Expanding African Footprint


The Air France-KLM group recently relaunched a direct Air France flight between Cape Town and Paris Charles de Gaulle – a service last provided 11 years ago. Pierre Descazeaux joined Business Traveller Africa for a chat about the airline’s African strategy.

Why the need for the return to a direct Cape Town-Paris Air France flight?

The current KLM offering of daily flights was not sufficient anymore to facilitate the increase in demand from Cape Town. To give the passengers more choice of product we decided to launch the Air France route to Paris, to complement the already daily KLM flights out of Cape Town to Amsterdam.

Are you afraid to shift traffic that is now flying via Johannesburg and do you think you will have trouble filling the large A380, with competition increasing?

There could be some passengers who previously used to fly via Johannesburg to experience our A380, who will now benefit from an improved product offering out of Cape Town, direct into Europe. However, the market in Johannesburg is large enough to attract new market segments that we previously couldn’t accommodate on our A380.

Are you seeing increased consumer/business interest in South Africa, or Africa as a whole?

We see increasing interest in Africa as a whole, including South Africa. This new route launch is part of Air France and KLM’s expansion policy on the African continent, with three new destinations already launched in 2011: Freetown (Sierra Leone), Monrovia (Liberia) and Bata (Equatorial Guinea). These new destinations bring the number of cities in Africa served in winter 2011 to 38. Also, early next year we will launch new KLM flights to Luanda, Angola.

Do the forward bookings for the new route look promising?

The outlook for this new route is according to our expectations. There is a lot of demand to visit Cape Town during the European winter from the European markets, and also from the USA and Canada. We are satisfied with the current developments.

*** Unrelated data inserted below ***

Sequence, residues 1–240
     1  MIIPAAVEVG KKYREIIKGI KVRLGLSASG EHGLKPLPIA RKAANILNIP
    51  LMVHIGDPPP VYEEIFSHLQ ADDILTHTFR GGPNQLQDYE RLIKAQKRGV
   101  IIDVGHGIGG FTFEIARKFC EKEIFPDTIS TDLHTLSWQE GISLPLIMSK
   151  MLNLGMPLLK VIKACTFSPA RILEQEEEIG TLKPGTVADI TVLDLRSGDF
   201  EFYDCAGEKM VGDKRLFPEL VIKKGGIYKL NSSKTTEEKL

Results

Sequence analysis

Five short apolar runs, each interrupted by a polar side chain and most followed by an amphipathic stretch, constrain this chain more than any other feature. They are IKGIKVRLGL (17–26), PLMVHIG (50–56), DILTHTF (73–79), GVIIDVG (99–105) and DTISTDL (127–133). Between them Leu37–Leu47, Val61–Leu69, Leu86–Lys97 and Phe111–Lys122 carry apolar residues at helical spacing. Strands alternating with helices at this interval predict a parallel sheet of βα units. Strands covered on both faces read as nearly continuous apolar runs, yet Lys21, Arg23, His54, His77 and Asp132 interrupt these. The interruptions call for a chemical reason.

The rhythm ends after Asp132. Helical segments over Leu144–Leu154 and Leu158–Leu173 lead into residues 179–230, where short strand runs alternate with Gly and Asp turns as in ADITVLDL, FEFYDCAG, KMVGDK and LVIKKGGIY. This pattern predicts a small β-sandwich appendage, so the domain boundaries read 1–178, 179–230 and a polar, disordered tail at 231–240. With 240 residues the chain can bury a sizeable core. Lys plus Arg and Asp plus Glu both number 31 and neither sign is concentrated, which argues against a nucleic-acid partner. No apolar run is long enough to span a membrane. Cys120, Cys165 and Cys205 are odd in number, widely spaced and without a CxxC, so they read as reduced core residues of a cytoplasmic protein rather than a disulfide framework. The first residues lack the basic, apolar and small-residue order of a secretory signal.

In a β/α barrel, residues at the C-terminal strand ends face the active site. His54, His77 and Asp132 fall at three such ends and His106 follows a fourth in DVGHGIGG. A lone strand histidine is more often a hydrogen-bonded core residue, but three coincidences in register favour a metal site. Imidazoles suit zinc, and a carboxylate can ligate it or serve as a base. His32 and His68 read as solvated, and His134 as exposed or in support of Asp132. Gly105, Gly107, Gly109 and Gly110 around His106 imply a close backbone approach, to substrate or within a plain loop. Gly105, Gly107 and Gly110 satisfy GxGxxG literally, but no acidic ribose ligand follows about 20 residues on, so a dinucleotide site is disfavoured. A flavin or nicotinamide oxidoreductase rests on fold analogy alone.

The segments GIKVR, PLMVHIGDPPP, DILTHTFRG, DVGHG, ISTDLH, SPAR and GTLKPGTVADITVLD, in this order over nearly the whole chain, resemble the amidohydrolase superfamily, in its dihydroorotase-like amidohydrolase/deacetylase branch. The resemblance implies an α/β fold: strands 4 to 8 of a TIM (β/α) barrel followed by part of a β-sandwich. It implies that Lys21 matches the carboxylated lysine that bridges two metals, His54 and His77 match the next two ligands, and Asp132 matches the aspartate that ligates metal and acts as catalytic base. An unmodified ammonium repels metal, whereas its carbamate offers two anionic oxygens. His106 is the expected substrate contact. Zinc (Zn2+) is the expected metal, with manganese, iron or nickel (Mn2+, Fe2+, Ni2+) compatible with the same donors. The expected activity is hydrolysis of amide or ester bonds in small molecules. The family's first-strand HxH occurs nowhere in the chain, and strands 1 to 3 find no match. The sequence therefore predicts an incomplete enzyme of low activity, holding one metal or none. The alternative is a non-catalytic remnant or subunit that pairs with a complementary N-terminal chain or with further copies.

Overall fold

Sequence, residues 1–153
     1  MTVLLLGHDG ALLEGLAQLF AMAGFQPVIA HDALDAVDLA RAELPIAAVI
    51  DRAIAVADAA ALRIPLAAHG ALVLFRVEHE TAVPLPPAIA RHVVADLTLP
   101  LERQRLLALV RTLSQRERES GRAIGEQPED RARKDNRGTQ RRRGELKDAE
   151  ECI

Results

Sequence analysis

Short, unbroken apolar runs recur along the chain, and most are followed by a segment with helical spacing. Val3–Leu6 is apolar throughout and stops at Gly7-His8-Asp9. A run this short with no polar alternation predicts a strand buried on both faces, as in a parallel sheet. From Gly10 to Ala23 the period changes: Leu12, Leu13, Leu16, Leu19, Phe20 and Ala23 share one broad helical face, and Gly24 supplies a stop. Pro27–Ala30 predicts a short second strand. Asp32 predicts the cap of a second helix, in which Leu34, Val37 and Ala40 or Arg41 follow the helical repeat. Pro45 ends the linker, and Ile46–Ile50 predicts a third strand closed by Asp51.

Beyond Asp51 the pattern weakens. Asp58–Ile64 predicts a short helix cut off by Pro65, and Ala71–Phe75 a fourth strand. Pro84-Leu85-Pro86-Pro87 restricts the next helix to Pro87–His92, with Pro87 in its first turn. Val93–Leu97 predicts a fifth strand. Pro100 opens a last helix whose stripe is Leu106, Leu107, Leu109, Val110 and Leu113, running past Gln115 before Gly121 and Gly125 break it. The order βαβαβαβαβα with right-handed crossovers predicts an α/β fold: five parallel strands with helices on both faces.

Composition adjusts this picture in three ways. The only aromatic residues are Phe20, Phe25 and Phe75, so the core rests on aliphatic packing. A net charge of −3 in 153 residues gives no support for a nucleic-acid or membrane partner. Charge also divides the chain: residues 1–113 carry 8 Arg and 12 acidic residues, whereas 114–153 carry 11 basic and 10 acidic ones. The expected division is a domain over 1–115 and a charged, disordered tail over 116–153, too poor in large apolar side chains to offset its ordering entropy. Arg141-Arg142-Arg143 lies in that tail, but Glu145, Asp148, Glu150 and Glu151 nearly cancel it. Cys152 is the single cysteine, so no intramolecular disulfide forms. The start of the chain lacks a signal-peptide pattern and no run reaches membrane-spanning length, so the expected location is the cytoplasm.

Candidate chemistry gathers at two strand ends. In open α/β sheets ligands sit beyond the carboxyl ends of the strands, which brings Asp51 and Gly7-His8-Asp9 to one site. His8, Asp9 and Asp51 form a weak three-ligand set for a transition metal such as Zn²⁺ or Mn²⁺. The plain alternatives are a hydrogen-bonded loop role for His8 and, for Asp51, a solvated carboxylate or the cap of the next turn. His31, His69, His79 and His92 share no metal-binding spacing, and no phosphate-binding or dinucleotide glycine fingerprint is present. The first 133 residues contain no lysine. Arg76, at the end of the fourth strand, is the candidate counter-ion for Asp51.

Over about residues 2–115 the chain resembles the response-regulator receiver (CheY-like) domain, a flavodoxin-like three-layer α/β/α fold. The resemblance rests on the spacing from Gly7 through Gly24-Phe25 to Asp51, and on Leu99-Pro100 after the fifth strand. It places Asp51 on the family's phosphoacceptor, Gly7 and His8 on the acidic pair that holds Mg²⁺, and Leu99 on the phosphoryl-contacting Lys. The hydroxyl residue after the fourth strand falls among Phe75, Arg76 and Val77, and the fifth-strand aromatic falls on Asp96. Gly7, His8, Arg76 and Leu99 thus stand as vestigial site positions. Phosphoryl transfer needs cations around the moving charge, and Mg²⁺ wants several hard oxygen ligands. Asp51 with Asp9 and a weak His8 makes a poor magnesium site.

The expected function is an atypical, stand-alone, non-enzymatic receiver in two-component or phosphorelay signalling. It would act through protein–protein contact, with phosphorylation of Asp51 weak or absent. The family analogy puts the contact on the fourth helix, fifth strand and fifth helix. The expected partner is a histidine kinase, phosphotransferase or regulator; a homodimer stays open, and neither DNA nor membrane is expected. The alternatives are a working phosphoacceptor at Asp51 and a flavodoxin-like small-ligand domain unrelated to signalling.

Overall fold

Do you have a clear idea of what your market is?

In terms of our research, these are the Air France and KLM passengers travelling to and from Africa:

• The average age of passenger is 44

• 70% of passengers are men, 30% are women

• 38% are French, 29% African, 22% European, 9% American and 2% Asian

• 60% travel on business, irrespective of their travel class

• The customers residing in Africa are mainly business people, entrepreneurs or people working for SMEs

• 75% of customers departing from African destinations are travelling to France or Europe

How competitive is the airline market between Europe and Africa?

It’s very competitive, but the demand is also increasing. As a result of this we see opportunities to grow the AFKL offering into South Africa and the African continent in general. That’s why we’ve launched Air France flights to Freetown, Kigali, Bata and Monrovia.

What is unique about the new Business Class seat?

The new Business Class cabin is equipped with a longer, wider and more spacious “full sleep” seat, which is progressively being deployed on aircraft in the Air France fleet. The seat structure has been completely redesigned to provide additional comfort, while preserving dimensions (over two metres long and 61cm wide), making it one of the most spacious and most comfortable seats on the market. The simple controls, the various relaxation positions (even during take-off and landing) and the integration of new storage space has also proved popular with passengers.

What are your expectations of the launch of Premium Voyageur in the South African market?

We are confident that it will be attractive, as the flights to Europe are long and a lot of passengers are looking for extra comfort at a competitive price. This opinion is based on the success of KLM’s Economy Comfort product, which was launched two years ago and has very high occupancy on the South African routes. Premium Voyageur will also be available from 15 November on our A380 out of Johannesburg to Paris CDG.